Remodeling Boom Shines a Light on Lead-Based Paint Violations
The surge in DIY home improvement activity in the wake of the COVID-19 pandemic is expected to slacken somewhat as the economy continues to reopen. But the demand for larger renovations — those more apt for professional remodelers — will likely continue to grow. In fact, the growth in home improvement spending is expected to remain solid throughout the remainder of this year and increase into 2022, according to new research from the Joint Center for Housing Studies of Harvard University. The center’s managing director, Chris Herbert, said the "lift in incomes and ongoing strength of the housing market are providing home owners incentives to make even greater investments in their homes this year." For renovations of any size and scale, home owners who value expertise and the assurance of high-quality work are encouraged to hire a professional remodeler – especially if the project involves a home built before 1978. Among the various nuances of renovating older homes, properly identifying and mitigating exposure to lead-based paint remains one of the most critical. The U.S. Environmental Protection Agency's (EPA's) Lead Renovation Repair and Painting Program (RRP) Rule is designed to protect the health of a home's occupants as well as that of the remodelers. It is important to be aware of the latest developments regarding the RRP Rule to avoid penalties. Earlier this month, EPA announced settlements with eight Washington State renovators for lead-based paint violations. While the monetary fines were not as exorbitantly high as many previously seen in RRP enforcement actions, they are an important reminder about compliance. Some key components remodelers must keep in mind include:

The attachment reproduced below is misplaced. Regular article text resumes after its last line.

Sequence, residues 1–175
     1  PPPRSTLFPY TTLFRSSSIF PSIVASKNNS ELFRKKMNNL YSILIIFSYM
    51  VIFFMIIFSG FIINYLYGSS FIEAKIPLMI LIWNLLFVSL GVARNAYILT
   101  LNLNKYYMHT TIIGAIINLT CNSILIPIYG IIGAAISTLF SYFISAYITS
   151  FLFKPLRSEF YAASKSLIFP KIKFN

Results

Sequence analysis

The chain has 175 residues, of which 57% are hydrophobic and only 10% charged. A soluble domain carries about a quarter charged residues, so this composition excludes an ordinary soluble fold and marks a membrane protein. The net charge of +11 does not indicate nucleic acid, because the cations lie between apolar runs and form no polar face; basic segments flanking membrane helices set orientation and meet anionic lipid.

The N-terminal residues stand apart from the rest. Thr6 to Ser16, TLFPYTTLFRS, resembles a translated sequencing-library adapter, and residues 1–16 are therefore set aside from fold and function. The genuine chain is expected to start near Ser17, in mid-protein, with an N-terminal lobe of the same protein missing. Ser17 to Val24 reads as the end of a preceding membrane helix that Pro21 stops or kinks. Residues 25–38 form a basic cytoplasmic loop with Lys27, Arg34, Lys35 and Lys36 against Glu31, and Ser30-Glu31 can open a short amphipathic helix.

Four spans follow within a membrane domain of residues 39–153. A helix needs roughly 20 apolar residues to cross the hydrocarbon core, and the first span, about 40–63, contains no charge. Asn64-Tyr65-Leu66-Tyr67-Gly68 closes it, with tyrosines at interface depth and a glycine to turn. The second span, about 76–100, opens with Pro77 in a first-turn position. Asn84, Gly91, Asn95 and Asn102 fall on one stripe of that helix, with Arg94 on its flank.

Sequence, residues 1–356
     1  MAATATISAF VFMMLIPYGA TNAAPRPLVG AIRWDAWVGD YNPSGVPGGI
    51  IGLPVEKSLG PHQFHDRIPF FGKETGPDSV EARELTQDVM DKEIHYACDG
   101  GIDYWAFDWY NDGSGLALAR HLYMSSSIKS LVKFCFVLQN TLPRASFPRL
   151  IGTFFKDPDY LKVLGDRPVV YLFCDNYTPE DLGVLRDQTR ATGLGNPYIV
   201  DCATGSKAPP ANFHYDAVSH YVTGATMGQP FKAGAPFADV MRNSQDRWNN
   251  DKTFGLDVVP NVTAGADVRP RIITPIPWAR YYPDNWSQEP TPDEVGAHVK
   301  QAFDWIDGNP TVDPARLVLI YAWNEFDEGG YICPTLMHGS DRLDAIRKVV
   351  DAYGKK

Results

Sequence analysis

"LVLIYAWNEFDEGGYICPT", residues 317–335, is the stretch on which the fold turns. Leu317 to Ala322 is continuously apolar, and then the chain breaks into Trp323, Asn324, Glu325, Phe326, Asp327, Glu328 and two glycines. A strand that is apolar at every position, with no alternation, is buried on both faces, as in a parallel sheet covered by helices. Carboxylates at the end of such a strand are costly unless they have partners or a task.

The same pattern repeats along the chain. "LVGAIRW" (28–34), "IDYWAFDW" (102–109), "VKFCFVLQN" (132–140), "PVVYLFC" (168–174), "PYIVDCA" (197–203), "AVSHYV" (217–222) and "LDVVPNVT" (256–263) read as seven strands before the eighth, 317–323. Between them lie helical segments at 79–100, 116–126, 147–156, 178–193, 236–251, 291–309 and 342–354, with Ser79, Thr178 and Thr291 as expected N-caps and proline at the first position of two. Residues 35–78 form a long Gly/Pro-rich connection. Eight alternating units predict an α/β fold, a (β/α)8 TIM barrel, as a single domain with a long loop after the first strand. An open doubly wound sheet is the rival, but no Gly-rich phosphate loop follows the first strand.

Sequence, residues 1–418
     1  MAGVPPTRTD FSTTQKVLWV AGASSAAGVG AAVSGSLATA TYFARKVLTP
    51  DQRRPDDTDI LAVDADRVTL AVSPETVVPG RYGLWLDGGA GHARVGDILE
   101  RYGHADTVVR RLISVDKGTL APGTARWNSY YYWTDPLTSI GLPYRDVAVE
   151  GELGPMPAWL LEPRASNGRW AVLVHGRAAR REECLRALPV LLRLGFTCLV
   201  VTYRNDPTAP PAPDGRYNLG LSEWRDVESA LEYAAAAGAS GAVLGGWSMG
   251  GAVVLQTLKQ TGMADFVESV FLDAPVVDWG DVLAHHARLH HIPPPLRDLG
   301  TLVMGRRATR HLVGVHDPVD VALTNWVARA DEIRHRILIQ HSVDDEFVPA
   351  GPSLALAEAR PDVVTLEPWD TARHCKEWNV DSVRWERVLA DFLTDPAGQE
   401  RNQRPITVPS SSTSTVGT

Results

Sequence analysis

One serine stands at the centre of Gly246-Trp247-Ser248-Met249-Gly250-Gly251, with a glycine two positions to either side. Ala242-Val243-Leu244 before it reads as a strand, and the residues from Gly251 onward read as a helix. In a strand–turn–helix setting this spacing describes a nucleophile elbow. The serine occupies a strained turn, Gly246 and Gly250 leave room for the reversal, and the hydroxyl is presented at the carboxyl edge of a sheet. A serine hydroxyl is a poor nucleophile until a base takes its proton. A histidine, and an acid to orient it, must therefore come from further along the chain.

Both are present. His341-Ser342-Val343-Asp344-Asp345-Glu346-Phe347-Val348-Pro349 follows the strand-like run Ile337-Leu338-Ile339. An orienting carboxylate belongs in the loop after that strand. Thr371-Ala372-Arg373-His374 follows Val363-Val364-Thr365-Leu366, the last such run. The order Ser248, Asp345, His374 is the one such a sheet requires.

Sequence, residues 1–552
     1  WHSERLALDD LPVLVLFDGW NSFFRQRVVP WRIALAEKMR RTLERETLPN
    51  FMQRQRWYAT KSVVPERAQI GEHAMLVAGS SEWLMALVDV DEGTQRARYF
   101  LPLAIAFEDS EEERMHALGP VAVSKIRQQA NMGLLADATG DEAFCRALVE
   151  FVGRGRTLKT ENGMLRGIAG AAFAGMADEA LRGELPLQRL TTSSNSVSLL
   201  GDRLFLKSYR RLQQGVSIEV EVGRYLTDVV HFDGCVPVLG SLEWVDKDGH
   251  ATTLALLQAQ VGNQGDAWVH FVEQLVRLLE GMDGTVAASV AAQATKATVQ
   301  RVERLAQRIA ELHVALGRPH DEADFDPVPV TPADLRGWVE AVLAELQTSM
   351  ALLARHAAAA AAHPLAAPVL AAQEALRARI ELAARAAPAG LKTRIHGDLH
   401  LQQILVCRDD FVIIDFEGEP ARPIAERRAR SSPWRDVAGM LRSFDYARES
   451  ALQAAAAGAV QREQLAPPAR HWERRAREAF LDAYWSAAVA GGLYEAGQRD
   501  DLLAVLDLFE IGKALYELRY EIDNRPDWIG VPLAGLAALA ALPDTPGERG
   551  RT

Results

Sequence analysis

- Ensuring firm and individual renovator certifications are maintained and up to date prior to offering services for homes built before 1978;
- Using lead-safe practices when lead-based paint is assumed or confirmed to be present; and
- Maintaining detailed records as required.